8 Responses to "Happy Birthday Dot Jobs .jobs dot-jobs dotjobs … whatever you call it"
  1. A year already WOW! For all the initial hype (I was included in that hype as I wrote a couple of pieces about the dot jobs TLD) not a lot has really changed. But are we really surprised?

  2. Shannon says:

    Hi Michael – thanks for the comment.

    No, I am not surprised that we have yet to see widespread adoption of the .jobs domain. Any perceived “technical change” to a corporate web site for the sake of HR is a challenge to make happen for a variety of reasons – but the one that I have encountered with greatest frequency is that HR has to work through the red tape of their IT departments. When it comes to something like .jobs – most companies have IT governed domain buying policies. Getting IT to see the value of the .jobs domain isn’t easy to accomplish either. Further complicating the situation – many large corporation use Network Solutions as their approved registrar, and NS does not sell the .jobs domain. The final straw is that the – pricing for the .jobs domain name is about 3000% higher than a normal .com; .edu or .net. Not that $150 is a large amount of money – but simply because it deviates from the norm, IT ends up being skeptical.

    Despite the hurdles, I still feel that .jobs is a really good idea in theory. I read a statistic recently suggesting that it is not uncommon to lose upwards of 50% of your visitors before the home page even loads. That may or may not be an inflated metric – but we do know that you lose candidates as the number of clicks-to-action (CTA) increases i.e. the number of clicks it takes for a job seeker to find the job info they are searching for. The .jobs TDL reduces the CTA and that should result in a measurable increase in the number of candidate conversions.

    Many in the recruitment marketing or recruitment technology space have brushed off .jobs as just a money maker for SHRM and EmployMedia, and admittedly, you can achieve the same “direct route to careers info” with a vanity URL – but .jobs also offers a *uniform* system for job seekers (vanity URLs tend to vary greatly – microsoftcareers.com or starbucksbarristas.com). But we obviously need to get to a place where there is general adoption of the uniform system by corporations before we will ever see job seekers begin using the extension to look for job info.

    All of this for a simple domain name… no wonder there aren’t more corporate recruiting blogs out there. 😉

  3. lgude says:

    As someone not involved in recruiting my initial take was that dotjobs was a good idea. I can see the difficulties involved but if it starts to grow over the next few years it may reach critical size and become ‘the way’ to get at job opportunities. Then everyone will be wondering why it wasn’t always that way.

  4. We created a .jobs to get to our careers site though it acts as a redirect to /careers. There are a few other European-based firms doing this (see ing.jobs as an example in our industry). At the moment I’d suggest the jury is out on this. Going via the .com to the careers site is by far our biggest route. At the moment more people go via /careers than .jobs. We also own a bunch of other marketing urls of the .com/X format which we use on printed material.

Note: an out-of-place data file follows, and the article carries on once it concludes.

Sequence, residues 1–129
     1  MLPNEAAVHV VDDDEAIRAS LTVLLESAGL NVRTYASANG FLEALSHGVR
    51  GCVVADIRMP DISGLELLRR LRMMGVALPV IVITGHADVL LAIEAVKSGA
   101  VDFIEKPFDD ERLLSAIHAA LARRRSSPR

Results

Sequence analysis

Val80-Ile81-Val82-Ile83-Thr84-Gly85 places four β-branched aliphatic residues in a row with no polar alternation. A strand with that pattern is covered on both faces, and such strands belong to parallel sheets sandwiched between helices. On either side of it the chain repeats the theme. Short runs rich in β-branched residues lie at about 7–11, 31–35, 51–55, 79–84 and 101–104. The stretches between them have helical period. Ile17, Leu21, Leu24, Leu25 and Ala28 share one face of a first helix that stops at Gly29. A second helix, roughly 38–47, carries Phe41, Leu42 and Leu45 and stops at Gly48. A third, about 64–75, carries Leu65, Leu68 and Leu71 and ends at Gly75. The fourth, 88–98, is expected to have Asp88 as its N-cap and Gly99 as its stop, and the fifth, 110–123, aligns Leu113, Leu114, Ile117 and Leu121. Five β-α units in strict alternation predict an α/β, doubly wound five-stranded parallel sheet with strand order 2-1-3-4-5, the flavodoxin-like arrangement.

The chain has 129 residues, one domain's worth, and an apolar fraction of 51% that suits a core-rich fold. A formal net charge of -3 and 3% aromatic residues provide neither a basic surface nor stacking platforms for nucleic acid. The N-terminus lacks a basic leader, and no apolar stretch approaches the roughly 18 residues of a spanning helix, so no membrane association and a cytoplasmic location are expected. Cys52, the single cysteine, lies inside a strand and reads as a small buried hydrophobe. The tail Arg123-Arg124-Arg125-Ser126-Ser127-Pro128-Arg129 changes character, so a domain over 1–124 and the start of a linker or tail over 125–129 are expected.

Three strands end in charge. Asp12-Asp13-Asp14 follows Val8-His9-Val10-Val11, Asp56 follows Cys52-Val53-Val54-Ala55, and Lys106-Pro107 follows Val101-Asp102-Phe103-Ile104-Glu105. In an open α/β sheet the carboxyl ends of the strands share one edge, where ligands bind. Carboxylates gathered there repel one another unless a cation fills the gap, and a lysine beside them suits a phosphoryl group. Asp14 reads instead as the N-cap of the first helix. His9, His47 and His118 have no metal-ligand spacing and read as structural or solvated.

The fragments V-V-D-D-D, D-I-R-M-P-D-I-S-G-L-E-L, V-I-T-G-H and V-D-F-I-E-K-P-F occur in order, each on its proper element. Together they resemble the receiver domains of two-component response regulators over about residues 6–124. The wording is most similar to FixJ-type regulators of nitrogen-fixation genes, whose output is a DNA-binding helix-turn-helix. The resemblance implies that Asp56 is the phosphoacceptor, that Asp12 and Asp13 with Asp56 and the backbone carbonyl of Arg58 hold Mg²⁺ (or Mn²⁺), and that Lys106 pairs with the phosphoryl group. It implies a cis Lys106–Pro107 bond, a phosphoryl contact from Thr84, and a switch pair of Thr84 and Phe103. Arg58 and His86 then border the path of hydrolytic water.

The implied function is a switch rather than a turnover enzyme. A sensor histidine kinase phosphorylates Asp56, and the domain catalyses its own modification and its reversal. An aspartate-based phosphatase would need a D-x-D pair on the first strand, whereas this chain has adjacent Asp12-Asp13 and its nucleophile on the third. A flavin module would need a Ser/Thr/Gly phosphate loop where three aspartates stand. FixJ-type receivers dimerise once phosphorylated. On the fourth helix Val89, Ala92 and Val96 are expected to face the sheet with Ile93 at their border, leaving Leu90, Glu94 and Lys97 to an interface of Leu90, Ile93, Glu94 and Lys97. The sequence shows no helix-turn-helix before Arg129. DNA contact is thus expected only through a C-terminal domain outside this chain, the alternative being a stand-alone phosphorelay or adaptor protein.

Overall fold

Whether to go .jobs/graduates, for example, is a policy decision – at the moment I don’t see it for anything other than a redirect to cover eventualities. In terms of creating a search-engine friendly site I can’t see this happening. The real answer is ensuring the whole of .com is as search engine friendly as possible. Our sites are all created using a CMS & I’ve no appetite to duplicate work, especially given that it would be a workaround.

    .Jobs real issue is that users will only use it if it is widely embraced by employers. That won’t happen unless there is evidence that users expect it. I’m comfortable at the moment with our approach. It’s not perfect but is probably the most pragmatic solution.

  5. Shannon says:

    Hi Andrew – thanks for the comment!

    The 301 redirect to the /careers portion of the corporate website is the solution that I have seen used the majority of the time since the .jobs launch as well.

    I think if you are considering the .jobs/graduates – what do you think about keeping the “graduates” piece all within a TLD so – abccompanyfornewgrads.jobs for example – rather than incorporating the slash? The resulting name is long – but may be easier to remember than a slash.

    I absolutely agree with you – until .jobs is adopted, used in all recruitment marketing and commonly used by employers – jobseekers will never come to expect its use.

  6. Aidan says:

    We are Ireland’s largest employer of temporary and contract staff. We use the .Jobs TLDN on all our site promotion , including staff email.

  7. Recruiter says:

    The .jobs domain is great idea, but will take time. Before there was cable TV there was TV. Now there is cable TV with dedicated channels for food, sports, home improvement/decorating (HGTV), weather, news, and cartoons. With the traffic of the internet growing in specific areas (like job searches), doesn’t it make sense to know where you are traveling and where you should search? The internet is an infant with many years to grow.

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